For Ashoke Ganguli
I remember reading The Namesake by Jhumpa Lahiri in one sitting in 2003. It was her first novel after the Pulitzer Prize-winning short story collection Interpreter of Maladies. I was hesitant to pick it up, but when I did, I wouldn’t let go. The lives of US-based Ashoke and Ashima Ganguli — a couple caught between two cultures, striving for better lives for themselves and their children, and realising how different they are from their kids — made me for some reason see my folks differently, and even appreciate their daily struggles a lot more. The book also made me think of my relationship with my dad. Of the unsaid affection, the unsaid emotions, and what it means to be a father — to take all your life, all its dreams, all the longing, and translate that into love for your child. Jhumpa knows how to tug at the heartstrings.
Cut to March 2007 when The Namesake, directed by Mira Nair, released in India. Like many readers, I was skeptical of the adaptation. In that four-year period Lahiri’s story had become a beloved novel, almost a classic, to me. I had read and reread and reread it some more and had grown to love it with a strange sense of possessiveness. I was almost enraged when I learned of the adaptation in progress but was calmed by the fact that Tabu would portray the role of Ashima. I didn’t think much about who would play Ashoke.
At the theatre — Fun Republic in Andheri — I was in a trance for the entire 121 minutes of the movie. And it wasn’t because of Tabu. I couldn’t take my eyes off Irrfan Khan.
There is one scene in the movie, when the character Gogol (Ashoke and Ashima’s son, played by Kal Penn) tells his parents that he wants to change his name because he cannot identify with the one given to him by his father. The look on Irrfan’s face is devastating. He looks at Penn and says, “Do as you wish” — in resignation, in disbelief, in frustration even, with every emotion as clear as day on the actor’s face.
I confess I didn’t think much of Irrfan in those days. I mean, sure I loved Maqbool like any other cinema-lover, but that was it; I hadn’t watched his other films. Then he played the quiet, unassuming, determined, loving (but not showing it all the time) Ashoke Ganguli and I was mesmerized.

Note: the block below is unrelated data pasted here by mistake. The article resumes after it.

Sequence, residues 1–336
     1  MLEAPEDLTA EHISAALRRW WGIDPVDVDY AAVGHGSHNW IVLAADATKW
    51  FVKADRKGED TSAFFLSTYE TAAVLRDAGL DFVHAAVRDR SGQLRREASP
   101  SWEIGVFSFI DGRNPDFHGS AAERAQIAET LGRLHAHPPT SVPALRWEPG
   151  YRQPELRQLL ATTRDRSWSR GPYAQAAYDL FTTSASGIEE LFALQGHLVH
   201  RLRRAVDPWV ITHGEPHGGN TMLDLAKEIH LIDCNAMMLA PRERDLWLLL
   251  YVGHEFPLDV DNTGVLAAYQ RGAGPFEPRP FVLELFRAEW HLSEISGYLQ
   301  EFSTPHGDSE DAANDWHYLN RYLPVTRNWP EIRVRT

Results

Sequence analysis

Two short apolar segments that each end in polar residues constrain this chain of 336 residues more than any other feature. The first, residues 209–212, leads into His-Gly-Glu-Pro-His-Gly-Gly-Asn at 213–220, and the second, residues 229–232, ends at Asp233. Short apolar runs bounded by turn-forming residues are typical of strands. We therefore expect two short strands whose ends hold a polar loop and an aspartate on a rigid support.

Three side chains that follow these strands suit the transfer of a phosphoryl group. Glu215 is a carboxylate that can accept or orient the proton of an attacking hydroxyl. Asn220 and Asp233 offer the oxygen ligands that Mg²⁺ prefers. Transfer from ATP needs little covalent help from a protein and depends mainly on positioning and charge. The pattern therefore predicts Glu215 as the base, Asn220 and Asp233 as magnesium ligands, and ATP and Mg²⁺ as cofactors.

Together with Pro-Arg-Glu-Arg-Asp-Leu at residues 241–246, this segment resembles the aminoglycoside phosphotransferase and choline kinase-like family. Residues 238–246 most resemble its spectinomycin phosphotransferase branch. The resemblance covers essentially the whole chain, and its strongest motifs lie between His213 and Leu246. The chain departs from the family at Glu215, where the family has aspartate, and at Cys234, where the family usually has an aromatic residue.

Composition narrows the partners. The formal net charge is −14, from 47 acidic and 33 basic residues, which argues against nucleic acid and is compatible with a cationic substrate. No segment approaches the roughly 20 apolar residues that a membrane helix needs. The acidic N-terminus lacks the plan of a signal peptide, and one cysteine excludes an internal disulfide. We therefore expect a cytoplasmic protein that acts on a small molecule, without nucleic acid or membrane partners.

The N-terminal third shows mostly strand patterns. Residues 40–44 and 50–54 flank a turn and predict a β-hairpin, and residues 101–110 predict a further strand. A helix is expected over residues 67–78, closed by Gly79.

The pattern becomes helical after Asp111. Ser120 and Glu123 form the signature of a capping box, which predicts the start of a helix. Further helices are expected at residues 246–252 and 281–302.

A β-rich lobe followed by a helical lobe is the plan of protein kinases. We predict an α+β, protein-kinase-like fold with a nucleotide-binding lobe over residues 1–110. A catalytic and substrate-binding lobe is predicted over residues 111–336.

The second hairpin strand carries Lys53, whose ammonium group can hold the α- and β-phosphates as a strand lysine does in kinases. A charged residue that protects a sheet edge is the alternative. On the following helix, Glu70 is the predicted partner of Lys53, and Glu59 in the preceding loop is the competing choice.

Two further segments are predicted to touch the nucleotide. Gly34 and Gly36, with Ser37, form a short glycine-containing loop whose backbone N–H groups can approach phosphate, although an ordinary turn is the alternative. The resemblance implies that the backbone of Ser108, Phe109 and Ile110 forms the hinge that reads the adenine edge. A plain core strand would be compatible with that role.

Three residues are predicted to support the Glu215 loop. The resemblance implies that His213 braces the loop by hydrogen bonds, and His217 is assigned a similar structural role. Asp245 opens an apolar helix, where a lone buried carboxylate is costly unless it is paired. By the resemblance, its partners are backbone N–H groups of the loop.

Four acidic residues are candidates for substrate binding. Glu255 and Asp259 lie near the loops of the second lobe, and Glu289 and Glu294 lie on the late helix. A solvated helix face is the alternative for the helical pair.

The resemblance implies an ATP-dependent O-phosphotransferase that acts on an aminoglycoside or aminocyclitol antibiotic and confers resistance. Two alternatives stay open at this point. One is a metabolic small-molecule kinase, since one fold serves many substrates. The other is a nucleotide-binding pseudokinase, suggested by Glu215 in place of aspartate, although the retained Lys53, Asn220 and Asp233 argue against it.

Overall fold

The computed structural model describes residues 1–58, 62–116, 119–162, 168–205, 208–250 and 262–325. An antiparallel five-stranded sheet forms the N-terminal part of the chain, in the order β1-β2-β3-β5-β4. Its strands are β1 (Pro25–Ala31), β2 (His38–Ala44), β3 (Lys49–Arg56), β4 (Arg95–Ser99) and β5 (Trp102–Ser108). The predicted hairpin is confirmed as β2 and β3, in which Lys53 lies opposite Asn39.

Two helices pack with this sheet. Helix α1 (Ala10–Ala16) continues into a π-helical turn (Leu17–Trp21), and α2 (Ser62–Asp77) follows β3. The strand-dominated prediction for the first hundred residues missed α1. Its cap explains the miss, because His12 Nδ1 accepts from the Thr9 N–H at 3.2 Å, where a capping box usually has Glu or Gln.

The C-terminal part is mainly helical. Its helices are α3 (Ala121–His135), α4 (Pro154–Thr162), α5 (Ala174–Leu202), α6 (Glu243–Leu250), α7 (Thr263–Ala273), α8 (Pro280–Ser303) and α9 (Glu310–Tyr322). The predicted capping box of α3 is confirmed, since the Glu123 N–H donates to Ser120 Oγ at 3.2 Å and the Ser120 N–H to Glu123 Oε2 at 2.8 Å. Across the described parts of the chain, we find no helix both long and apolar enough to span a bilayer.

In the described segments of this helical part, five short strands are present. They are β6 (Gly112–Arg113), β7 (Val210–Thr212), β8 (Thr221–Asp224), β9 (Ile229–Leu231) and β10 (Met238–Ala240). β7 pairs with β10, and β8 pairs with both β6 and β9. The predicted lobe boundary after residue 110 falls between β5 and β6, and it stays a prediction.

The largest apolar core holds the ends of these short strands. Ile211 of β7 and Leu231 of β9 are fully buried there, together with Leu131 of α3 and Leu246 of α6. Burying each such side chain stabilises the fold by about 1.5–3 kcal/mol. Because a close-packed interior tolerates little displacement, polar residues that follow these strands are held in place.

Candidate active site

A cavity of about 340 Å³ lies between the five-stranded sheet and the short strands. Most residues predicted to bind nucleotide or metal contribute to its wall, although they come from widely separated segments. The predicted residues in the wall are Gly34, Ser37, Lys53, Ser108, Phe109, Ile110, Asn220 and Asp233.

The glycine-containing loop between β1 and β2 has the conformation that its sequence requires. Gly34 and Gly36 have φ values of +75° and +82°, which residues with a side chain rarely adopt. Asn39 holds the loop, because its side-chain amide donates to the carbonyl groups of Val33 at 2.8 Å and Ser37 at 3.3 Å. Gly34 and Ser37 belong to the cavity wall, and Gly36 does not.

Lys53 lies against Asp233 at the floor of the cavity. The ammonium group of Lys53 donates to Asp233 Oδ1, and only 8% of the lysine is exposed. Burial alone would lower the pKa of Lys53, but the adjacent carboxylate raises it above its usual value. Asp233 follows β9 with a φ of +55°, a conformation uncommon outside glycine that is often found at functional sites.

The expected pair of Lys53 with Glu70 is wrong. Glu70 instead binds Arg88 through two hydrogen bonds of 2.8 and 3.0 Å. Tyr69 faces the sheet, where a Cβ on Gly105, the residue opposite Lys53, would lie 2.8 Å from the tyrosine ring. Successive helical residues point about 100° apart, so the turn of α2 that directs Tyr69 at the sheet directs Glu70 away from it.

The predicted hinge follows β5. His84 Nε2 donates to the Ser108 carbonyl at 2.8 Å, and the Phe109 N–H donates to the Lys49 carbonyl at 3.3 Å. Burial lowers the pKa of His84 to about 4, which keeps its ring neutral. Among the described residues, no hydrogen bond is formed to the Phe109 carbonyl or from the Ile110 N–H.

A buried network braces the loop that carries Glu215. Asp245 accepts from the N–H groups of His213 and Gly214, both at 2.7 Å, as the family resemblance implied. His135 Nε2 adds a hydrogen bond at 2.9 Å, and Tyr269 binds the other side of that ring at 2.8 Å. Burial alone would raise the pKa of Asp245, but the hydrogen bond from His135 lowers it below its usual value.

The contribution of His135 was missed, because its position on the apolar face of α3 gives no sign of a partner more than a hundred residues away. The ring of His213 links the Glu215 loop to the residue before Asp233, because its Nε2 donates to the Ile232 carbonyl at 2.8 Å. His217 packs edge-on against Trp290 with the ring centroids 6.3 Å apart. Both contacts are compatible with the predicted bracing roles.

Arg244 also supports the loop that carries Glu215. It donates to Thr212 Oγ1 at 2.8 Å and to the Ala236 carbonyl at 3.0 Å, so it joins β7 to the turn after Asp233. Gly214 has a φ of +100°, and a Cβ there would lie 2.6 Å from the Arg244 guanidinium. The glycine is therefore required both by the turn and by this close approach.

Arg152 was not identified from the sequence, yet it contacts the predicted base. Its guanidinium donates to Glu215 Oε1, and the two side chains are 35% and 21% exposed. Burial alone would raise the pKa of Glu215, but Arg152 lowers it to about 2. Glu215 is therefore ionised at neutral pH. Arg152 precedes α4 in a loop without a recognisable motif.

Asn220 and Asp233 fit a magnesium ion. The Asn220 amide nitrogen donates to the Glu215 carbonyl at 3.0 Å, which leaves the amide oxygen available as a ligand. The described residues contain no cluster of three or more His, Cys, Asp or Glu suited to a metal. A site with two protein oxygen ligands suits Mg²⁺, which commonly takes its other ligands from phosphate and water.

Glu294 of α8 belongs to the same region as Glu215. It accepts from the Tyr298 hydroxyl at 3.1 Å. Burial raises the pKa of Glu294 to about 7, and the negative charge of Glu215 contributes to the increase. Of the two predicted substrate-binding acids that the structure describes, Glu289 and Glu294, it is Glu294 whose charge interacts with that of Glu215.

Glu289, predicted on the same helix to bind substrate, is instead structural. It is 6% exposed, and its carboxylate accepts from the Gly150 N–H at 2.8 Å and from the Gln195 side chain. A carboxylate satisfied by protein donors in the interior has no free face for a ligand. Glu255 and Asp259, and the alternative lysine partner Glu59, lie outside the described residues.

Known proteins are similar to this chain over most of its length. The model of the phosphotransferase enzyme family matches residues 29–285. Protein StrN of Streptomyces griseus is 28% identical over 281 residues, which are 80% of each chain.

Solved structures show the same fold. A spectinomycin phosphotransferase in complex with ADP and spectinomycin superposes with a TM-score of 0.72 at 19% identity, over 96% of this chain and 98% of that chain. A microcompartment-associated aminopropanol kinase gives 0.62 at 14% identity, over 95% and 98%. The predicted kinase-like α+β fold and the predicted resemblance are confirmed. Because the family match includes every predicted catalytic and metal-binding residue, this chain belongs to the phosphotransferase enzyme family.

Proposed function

Ashoke is the kind of person who is endearing. Maybe just like Irrfan in real life. Whenever I watched his movies after The Namesake, I would think there is something very human and affable about him. Sometimes, you don’t need to know an actor’s off-screen life to conjure up an image of them, you just know what their persona is like. And with Irrfan, I knew.
It isn’t about just one movie. And it isn’t about art-house versus commercial cinema actors. I think at the end of it all, it is about the person. About how you grow, how you interact with people, and how you treat them. All the stories I’ve heard about Irrfan unabashedly sing his praises, encapsulating a warm human being.
Why does this loss feel so personal? I guess because the actor and the person seemed so accessible. It felt like you could interact with both avatars, like he would respond to you on Twitter (and in all probability he would’ve) and make your day. You cannot measure some losses. There aren’t any yardsticks.
For me, it will always be the quiet, understated, profound, funny, generous, and most humble Irrfan Khan that will shine through in all his roles (there is so much left to watch). There will always be that moment, every once in a while, when I will revisit The Namesake — in bits and pieces, here and there, and out of habit skip to the scene where Ashoke takes his son to the sea, and tells him to remember that day. “Remember it always. Remember that you and I made the journey, and we went together to a place where there was nowhere left to go”. It was all Irrfan Khan then. No Jhumpa Lahiri, Not The Namesake. Just the actor, his craft, and his emotion.
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